Is Business Experience Relevant to Being a Good President?
Interestingly, the job of President only requires that a person be a native born American of at least 35 years of age (and, perhaps, a residency requirement). There is, of course, also the matter of being elected.
When Obama was running for president he was routinely attacked for his lack of experience. While I preferred Obama over McCain, I was quite willing to acknowledge that the question of experience was legitimate. After all, as other folks have noted, the presidency is not supposed to be an entry level position. The question of Obama’s experience will, presumably, not be an issue in the upcoming election-after all, he has been in office for a while and the economy is what is on the minds of most folks.
While Romney is the most likely choice for the Republicans, Cain is the latest contender for (or pretender to) the GOP throne. Since he has no actual experience in government, he is pointing towards his business experience and his very impressive life story. While Romney has executive experience as the governor of Massachusetts he does not seem to be playing that card very hard. This is, after all, not surprising given that Governor Romney would seem to look very much like a moderate Democrat in the eyes of the current Republican base. Romney is, instead, focusing on his business experience.
As some have pointed out, Romney’s experience seems to be more in financial matters rather than what would be considered positions of executive leadership. In contrast, Cain seems to have more experience as a business leader. However, the question still arises as to whether or not business experience is relevant to being a good president.
As various critics have been quick to point out, Bush had an MBA and was initially pitched as being a businessman president. However, the results of his eight years certainly raise some questions about how much business experience is relevant to the presidency. Then again, critics have asserted that Bush’s presidency was the logical extension of his less than spectacular business career. In any case, Bush provides but one example and hence arguments made based on this single example would be rather weak. It would, perhaps, be wiser to see if the skills and talents of the businessman would translate to the oval office.
In the Ion, Socrates argues that each profession has its own domain of skill and knowledge. For example, being a good doctor does not make one a good general or a good fisherman. A person can, of course, have multiple skill sets-but these sets are distinct. Speaking of dead Greeks, Aristotle claimed that the life of the businessman was distinct from the political life-but, as I always tell my students, just because he is famous does not mean he cannot be wrong.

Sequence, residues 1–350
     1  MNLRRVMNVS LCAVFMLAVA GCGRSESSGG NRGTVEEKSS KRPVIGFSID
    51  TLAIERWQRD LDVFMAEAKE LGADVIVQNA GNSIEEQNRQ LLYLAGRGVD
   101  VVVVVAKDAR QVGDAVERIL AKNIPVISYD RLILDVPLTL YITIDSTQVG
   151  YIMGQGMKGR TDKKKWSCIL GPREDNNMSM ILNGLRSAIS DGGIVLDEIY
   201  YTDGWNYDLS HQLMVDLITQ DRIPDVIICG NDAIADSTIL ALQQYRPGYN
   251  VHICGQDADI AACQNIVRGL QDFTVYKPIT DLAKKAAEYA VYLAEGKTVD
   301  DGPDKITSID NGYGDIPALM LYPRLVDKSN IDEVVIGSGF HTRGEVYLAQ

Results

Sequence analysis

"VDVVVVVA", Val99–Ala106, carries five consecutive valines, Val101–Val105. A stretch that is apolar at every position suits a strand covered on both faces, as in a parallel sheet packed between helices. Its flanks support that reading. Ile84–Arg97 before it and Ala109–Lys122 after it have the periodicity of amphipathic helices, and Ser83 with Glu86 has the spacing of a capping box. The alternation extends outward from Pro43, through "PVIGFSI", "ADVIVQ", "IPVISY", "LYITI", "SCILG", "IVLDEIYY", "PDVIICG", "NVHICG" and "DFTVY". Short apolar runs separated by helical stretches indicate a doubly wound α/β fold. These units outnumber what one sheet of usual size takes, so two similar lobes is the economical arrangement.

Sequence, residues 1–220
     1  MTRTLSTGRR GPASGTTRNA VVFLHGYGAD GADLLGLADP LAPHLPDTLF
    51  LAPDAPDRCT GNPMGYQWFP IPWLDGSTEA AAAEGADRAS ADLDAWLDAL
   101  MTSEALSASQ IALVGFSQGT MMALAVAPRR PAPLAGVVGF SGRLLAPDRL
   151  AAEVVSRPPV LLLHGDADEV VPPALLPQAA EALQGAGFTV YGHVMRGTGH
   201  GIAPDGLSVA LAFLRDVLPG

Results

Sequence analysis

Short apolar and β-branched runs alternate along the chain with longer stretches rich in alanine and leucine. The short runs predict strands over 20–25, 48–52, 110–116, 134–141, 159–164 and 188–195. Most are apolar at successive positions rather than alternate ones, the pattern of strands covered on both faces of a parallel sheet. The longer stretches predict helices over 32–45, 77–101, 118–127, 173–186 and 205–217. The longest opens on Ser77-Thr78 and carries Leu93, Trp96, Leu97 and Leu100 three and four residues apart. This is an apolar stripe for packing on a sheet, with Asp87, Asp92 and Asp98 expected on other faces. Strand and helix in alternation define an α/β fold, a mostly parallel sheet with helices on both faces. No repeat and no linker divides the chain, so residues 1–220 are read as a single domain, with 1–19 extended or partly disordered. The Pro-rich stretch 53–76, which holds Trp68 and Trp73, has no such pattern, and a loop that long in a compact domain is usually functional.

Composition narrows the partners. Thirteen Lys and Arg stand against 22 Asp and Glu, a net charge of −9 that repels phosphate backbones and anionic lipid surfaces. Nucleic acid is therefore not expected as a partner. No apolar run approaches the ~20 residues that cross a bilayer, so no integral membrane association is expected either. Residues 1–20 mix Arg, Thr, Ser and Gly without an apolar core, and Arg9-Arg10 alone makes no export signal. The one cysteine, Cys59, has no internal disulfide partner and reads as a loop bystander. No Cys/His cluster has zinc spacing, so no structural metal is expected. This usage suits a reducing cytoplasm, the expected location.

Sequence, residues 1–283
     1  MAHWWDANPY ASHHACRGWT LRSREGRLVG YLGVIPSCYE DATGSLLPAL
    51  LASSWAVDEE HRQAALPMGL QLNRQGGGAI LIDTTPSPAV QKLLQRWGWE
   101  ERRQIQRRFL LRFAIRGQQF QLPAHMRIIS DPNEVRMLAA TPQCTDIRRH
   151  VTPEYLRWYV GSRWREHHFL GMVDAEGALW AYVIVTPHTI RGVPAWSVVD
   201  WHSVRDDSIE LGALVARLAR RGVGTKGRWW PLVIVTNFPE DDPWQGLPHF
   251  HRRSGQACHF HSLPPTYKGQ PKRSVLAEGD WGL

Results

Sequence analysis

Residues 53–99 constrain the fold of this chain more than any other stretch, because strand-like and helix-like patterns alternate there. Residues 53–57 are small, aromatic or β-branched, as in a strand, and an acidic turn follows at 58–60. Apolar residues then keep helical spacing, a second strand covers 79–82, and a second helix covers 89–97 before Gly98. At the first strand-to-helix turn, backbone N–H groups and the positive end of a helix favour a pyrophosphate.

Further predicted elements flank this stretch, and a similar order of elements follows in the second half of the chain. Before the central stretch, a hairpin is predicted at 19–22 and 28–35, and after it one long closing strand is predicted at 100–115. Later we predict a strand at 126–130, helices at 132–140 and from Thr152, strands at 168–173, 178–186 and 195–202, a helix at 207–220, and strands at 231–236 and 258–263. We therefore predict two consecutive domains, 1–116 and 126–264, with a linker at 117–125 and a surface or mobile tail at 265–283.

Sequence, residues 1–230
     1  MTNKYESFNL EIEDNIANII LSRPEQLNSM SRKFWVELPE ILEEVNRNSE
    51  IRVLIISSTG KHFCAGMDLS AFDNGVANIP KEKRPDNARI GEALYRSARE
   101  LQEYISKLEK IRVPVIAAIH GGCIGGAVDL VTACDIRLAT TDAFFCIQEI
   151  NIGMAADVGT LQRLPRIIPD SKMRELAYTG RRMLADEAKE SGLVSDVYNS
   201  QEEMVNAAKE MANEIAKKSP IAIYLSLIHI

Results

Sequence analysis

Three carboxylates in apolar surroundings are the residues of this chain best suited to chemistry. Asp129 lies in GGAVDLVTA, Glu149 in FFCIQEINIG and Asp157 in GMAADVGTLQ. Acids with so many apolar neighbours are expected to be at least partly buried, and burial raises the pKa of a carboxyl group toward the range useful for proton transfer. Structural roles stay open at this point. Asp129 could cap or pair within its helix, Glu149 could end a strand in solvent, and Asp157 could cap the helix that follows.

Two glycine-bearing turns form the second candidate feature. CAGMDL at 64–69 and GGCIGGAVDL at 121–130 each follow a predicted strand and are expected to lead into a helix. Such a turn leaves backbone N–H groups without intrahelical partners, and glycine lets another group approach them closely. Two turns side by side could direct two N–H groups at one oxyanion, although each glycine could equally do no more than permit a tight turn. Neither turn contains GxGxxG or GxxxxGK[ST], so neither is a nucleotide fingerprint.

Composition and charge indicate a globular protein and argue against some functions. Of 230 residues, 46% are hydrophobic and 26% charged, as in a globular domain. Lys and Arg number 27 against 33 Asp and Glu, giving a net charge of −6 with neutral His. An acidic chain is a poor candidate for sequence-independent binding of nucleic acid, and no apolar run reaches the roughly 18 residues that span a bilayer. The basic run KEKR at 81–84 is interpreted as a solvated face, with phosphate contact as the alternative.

On the face of it, however, there do seem to many important dissimilarities between the two jobs. One obvious major difference is that the presidency involves so much more than what a business executive does. As such, there would seem to be rather significant areas that business skills would not cover (such as matters of war and foreign policy). A second obvious major difference is that the ends are different. A businessman’s ultimate end is to make a profit. The ultimate end for the president is, presumably, the good of the people as a whole. That said, perhaps it could be argued that the truly highest good is the making of money by the right people and hence a businessman and the president have the same ultimate end. A third obvious difference is that a business is typically not a democracy and hence getting things done in business is very different from getting things done as a president. As such, there seem to be many differences between the role of the businessman and the role of the president.
That said, it can be argued that business experience can provide a foundation from which a person can become a good president. To use an obvious analogy, we have had presidents who were high ranking military men prior to being president. Some of them proved to be good presidents, others not so much. I would suspect that the same would be true of someone with business experience. This, of course, suggests that it is not so much the sort of experience the person has, but what sort of person has that experience. As such, an exceptional person could probably do well as president, regardless of his (or her) specific background. Naturally, relevant experience would be useful, but what counts as relevant would probably be rather broad. After all, good leadership is more than just a matter of making money or knowing about war.
Overall, I would say that outstanding performance in business (or many other things, such as military service or law) would be a plus for a presidential candidate. However, the experience of a being an executive businessman is different from the experience of serving in the executive branch of government. While the same term, “executive”, is being used, this does not prove they are the same ins substance. After all, the fact that I have been running for years does not entail that I would be good at running for office.